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Abigail Beckel and Kathleen Rooney in The Editor’s Corner at VIDA
Over at VIDA, Abigail Beckel and Kathleen Rooney of the hybrid-genre Rose Metal Press talk about their roles as editors and publishers. We’re especially interested in presses that support as yet-undeffined genres, so we were especially curious to hear Beckel and Rooney discuss their editorial philosophy.
Our main philosophy/mission is to broaden the literary landscape beyond traditional genres and open up more opportunities for both writers and readers to experiment with and experience innovative forms in writing. We chose this focus for Rose Metal because we noticed that many writers were doing exciting, culturally important work in hybrid genres, but that they had limited opportunities to publish that work since the market is not particularly friendly to things that are hard to define. But innovation is how every field, including creative writing, moves forward and evolves, so we’ve tried to champion that in-between space and encourage writers to push boundaries.
Although there are more presses interested in hybrid-genre work than their used to be–consider Les Figues Press, for example–authors who work beyond generic conventions still face significant challenges to publishing their work. Not surprisingly, this is why Beckel and Rooney founded Rose Metal Press in the first place.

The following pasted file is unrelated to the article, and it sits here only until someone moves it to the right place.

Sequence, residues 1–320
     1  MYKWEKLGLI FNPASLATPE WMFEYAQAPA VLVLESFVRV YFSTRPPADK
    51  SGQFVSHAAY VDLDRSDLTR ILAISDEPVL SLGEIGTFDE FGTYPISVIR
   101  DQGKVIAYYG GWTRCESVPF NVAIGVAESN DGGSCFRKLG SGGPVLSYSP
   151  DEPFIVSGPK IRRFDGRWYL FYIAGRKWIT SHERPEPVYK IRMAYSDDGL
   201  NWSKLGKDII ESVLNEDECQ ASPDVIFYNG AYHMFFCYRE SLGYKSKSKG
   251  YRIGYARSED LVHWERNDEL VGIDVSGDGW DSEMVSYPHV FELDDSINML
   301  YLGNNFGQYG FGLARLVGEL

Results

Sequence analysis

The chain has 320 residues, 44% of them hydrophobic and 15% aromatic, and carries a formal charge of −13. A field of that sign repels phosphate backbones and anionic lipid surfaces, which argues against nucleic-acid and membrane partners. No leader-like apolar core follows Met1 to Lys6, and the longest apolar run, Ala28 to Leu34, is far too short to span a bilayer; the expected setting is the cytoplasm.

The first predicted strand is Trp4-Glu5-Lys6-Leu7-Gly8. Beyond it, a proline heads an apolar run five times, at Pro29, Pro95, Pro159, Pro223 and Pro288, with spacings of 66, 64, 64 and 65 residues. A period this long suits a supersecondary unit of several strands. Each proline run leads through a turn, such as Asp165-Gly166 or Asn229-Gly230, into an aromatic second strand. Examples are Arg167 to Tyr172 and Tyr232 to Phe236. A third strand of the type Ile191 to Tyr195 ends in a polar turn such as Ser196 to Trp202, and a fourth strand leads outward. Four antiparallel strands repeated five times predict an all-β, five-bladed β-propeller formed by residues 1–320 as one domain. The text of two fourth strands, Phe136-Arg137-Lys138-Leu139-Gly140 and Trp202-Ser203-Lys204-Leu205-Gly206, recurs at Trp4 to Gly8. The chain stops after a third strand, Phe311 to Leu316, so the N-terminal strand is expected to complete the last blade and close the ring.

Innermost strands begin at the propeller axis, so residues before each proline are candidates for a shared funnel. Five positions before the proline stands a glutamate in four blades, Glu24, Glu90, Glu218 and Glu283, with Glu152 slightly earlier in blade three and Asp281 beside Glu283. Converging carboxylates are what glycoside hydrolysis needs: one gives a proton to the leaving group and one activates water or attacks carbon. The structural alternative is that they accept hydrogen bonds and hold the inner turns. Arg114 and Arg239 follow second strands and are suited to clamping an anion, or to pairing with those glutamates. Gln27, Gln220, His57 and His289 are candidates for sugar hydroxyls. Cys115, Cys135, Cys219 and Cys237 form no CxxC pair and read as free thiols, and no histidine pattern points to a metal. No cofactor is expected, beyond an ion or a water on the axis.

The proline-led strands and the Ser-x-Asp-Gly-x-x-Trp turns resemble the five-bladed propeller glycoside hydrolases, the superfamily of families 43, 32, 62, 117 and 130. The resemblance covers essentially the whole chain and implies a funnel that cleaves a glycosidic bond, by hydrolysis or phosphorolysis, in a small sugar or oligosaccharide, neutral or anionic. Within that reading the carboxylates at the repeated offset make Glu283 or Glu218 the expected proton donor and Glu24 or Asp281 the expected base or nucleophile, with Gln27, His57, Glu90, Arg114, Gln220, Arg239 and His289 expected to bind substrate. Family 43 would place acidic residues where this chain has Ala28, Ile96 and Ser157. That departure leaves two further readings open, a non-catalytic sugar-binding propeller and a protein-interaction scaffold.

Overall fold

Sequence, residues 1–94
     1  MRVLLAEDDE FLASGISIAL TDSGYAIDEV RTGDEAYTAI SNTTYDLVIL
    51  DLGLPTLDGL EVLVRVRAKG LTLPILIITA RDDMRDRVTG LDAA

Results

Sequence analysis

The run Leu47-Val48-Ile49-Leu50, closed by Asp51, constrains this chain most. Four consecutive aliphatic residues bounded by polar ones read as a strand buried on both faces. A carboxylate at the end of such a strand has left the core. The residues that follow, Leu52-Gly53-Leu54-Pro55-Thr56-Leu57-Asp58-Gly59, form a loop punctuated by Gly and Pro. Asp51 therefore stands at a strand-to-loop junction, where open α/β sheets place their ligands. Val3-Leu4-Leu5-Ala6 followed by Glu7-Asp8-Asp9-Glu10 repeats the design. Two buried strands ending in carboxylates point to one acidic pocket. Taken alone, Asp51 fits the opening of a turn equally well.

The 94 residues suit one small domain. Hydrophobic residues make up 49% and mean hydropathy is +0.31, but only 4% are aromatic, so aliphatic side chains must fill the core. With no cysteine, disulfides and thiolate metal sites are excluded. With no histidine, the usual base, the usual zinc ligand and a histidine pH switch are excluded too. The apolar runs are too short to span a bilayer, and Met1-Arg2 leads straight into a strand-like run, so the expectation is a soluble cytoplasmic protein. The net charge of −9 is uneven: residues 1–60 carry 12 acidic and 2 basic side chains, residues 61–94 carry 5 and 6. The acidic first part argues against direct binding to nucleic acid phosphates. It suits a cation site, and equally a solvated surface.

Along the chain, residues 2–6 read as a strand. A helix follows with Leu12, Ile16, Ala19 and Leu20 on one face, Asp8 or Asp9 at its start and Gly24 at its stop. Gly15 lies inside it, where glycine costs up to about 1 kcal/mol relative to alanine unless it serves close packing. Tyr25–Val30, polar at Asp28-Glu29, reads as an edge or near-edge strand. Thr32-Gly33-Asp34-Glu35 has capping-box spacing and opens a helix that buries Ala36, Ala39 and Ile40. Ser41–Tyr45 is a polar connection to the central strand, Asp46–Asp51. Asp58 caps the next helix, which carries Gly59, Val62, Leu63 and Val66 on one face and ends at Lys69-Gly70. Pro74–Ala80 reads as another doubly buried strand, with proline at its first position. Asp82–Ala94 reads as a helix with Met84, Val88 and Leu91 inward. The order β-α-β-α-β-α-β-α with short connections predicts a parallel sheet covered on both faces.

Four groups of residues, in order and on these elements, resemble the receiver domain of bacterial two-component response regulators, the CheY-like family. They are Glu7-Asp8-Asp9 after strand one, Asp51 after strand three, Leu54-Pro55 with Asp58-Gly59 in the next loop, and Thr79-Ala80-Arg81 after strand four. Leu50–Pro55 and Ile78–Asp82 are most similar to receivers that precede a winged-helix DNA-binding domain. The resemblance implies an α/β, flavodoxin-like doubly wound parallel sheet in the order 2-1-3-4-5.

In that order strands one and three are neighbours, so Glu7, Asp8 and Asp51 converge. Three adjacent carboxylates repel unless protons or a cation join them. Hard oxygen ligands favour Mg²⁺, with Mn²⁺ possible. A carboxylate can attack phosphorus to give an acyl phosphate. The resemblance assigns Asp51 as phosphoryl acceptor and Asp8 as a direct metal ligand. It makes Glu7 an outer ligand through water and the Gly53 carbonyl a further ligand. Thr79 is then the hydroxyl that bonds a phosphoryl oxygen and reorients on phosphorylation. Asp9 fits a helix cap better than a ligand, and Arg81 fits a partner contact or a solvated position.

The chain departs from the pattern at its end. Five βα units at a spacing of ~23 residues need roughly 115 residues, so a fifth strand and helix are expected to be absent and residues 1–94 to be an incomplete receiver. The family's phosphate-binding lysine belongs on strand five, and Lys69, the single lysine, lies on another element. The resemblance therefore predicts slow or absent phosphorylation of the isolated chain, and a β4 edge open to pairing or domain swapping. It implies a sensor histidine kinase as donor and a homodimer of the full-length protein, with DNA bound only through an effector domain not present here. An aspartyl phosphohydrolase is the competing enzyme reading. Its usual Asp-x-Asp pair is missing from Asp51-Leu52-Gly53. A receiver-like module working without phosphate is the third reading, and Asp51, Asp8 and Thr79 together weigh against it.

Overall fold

…[W]e essentially started the press because the publishing climate was so bad for hybrid-genre works. The big box bookstores had the majority of the buying power and they didn’t like to stock things that didn’t fit neatly into sci-fi or romance, let alone books that spanned genres of form. As a result, few commercial publishers accept cross-genre submissions due to concerns over profitability and marketing.
To a large extent, this remains the case—big publishers are, if anything, even more averse to taking risks on literary work whose “marketability” is not obvious. And the big bookstores are facing struggles of their own, but certainly aren’t looking to showcase more unusual work.
But the great thing is that both readers and writers have ever-increasing access to writing and publishing outside of the large corporate scene. And in the seven years since we started Rose Metal Press, we’ve seen more and more small publishers and journals broadening their definitions of genre and seeking out hybrid work, which is wonderful. Flash fiction and flash nonfiction, particularly, have exploded as far as people writing in the genres, talking about them, holding contests, teaching classes in those genres, etc.
Check out the rest of the article at VIDA.